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Putting financial plans to work to handle higher education costs like a boss

05 November 2018Neil McConnell, Regional General Manager, PPS Financial Advisory

The cost of higher education in South Africa is escalating beyond inflation rates. Unfortunately, neither the economy nor professionals can function without the pool of knowledge that comes out of higher education.

As a result of these growing costs, South Africa witnessed the #FeesMustFall campaign three years ago driven by students across the country. Their objective was to be freed from the shackles of rising education costs and the burden of paying off student loans – that currently sits at R35 billion according to the National Student Financial Aid Scheme (NSFAS) – when they start working.  

According to Stats SA’s latest General Household Survey, almost two in every 10 potential students indicated that they could not attend an educational institution (either a school or tertiary institution) due to lack of money to pay for fees. 

At the end of 2017, former President Jacob Zuma announced that government will subsidise free higher education for students coming from poor and working-class households which mostly rely on income from salaries and social grants. The threshold to qualify for financial assistance for students from South African households will be a combined income within the household of up to R350 000 per annum – approximately R29,000 per month. 

The latest data from the Financial Statistics of Higher Education Report from Stats SA shows a significant rise in government spending for education. Tabling the 2018 budget at the beginning of the year, government announced the largest reallocation of resources towards priorities of higher education and training, amounting to additional funding of R57 billion over the medium term. This is the fastest-growing spending category, with an annual average growth of 13.7%. 

However, South Africans should not only rely on government to resolve the issue of rising higher education costs, but realise that everyone has a role to play when it comes to alleviating this financial burden. 

The declaration of free higher education was seen as a relief for many poor families, but the cost of private higher education is still expensive and extrapolating these costs for a three-year degree, never mind a post-graduate degree, raises eyebrows for many hopeful parents out there.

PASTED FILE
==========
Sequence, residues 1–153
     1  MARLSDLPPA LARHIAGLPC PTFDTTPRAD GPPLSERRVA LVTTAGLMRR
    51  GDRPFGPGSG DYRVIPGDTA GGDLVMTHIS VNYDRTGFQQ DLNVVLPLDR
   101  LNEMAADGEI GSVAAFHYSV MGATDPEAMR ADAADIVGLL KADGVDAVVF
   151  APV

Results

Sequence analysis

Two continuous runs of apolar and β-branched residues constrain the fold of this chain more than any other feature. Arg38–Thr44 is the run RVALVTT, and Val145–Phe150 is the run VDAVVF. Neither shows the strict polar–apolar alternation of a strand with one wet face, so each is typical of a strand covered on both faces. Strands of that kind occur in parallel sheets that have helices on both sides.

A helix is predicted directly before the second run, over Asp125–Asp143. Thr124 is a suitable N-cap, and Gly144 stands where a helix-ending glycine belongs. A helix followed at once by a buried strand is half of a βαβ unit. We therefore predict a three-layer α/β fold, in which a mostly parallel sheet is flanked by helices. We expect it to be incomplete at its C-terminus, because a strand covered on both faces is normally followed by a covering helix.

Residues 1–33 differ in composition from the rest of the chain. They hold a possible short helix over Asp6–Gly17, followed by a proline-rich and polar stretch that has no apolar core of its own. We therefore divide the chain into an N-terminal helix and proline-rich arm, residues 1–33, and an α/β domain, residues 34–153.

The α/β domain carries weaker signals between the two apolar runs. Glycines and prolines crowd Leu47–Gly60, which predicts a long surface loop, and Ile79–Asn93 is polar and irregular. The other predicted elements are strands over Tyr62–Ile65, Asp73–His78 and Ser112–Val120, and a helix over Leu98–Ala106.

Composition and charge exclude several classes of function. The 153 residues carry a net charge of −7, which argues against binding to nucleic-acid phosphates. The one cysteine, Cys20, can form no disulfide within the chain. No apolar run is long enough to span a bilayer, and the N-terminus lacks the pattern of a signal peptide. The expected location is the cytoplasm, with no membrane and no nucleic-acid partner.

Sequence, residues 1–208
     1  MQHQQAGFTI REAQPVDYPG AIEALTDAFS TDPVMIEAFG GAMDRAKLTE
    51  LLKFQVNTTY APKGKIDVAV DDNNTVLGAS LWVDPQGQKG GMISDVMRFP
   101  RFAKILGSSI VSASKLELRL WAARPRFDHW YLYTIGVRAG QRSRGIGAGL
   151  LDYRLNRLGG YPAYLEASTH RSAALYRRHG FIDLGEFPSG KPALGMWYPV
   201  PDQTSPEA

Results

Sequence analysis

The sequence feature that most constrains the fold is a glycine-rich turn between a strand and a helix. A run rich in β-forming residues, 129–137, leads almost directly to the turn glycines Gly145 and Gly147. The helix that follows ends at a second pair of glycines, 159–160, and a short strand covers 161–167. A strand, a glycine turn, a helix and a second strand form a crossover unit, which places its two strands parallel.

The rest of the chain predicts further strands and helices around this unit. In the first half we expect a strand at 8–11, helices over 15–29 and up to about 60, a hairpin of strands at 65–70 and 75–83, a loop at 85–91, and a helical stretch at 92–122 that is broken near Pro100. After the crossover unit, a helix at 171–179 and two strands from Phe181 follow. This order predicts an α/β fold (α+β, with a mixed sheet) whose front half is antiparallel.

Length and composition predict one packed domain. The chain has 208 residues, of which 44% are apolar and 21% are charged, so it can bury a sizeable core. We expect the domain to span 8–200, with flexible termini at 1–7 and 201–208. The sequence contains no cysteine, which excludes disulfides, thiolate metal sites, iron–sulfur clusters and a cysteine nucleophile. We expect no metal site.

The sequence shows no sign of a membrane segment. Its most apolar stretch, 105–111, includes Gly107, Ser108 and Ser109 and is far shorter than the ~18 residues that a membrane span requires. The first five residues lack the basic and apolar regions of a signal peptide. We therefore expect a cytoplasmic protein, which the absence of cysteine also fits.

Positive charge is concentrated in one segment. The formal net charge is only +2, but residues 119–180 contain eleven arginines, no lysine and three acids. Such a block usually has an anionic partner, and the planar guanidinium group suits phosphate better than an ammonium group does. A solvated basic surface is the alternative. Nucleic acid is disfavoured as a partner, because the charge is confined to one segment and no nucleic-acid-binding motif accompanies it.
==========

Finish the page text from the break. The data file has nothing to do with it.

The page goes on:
Think about the education inflation and the general cost of living in 10 years’ time, the amounts required are quite enormous and need a pro-active approach. 

While many South Africans are optimistic about the future of higher education system – its quality, value and costs. It is important to note that whether you are budgeting and saving for higher education, the future is by no means certain. 

As the world becomes more technologically advanced, we also need to think about what impact technology will have on the career direction to take and what educational specialisation will be required? Will the rise of technology further increase costs, or will it improve the quality of education and add to the value in skills and knowledge of the educated? This remains to be seen but what is already evident is the manner in which students and professionals are consuming information and gaining new skills. 

It is however not all doom and gloom. The priority of education can be covered by a variety of savings and investment options available to parents and professions. Most financial services providers will provide specific choices depending on individual needs and requirements. 

When choosing the option that works for you, it’s important to consider the following:

  • Does your Employee Benefit Fund have benefits that will cover current and future education requirements should you pass on? Some organisations provide educational benefits via the company group scheme should the breadwinner or employee experience the unforeseen circumstance of death or disability.
  • There are various insurance risk products available to professionals who proactively wish to protect the current and future education needs of their children should they pass.
  • Savings and investment products can fund future education without any change in your health status. An investment started today for a child’s higher education in the future will make use of compound interest and the performance of the specific funds selected. Generally, the longer your investment period, the better the performance is. 

It is imperative that we start thinking holistically about saving for higher education. The cost of education will always remain a factor and the burden of saving for higher education will become even more challenging. 

Therefore, parents and professionals need to be flexible and look for options that speak to your lifestyle and set aside funds for this purpose as early in your career if you plan to have children.

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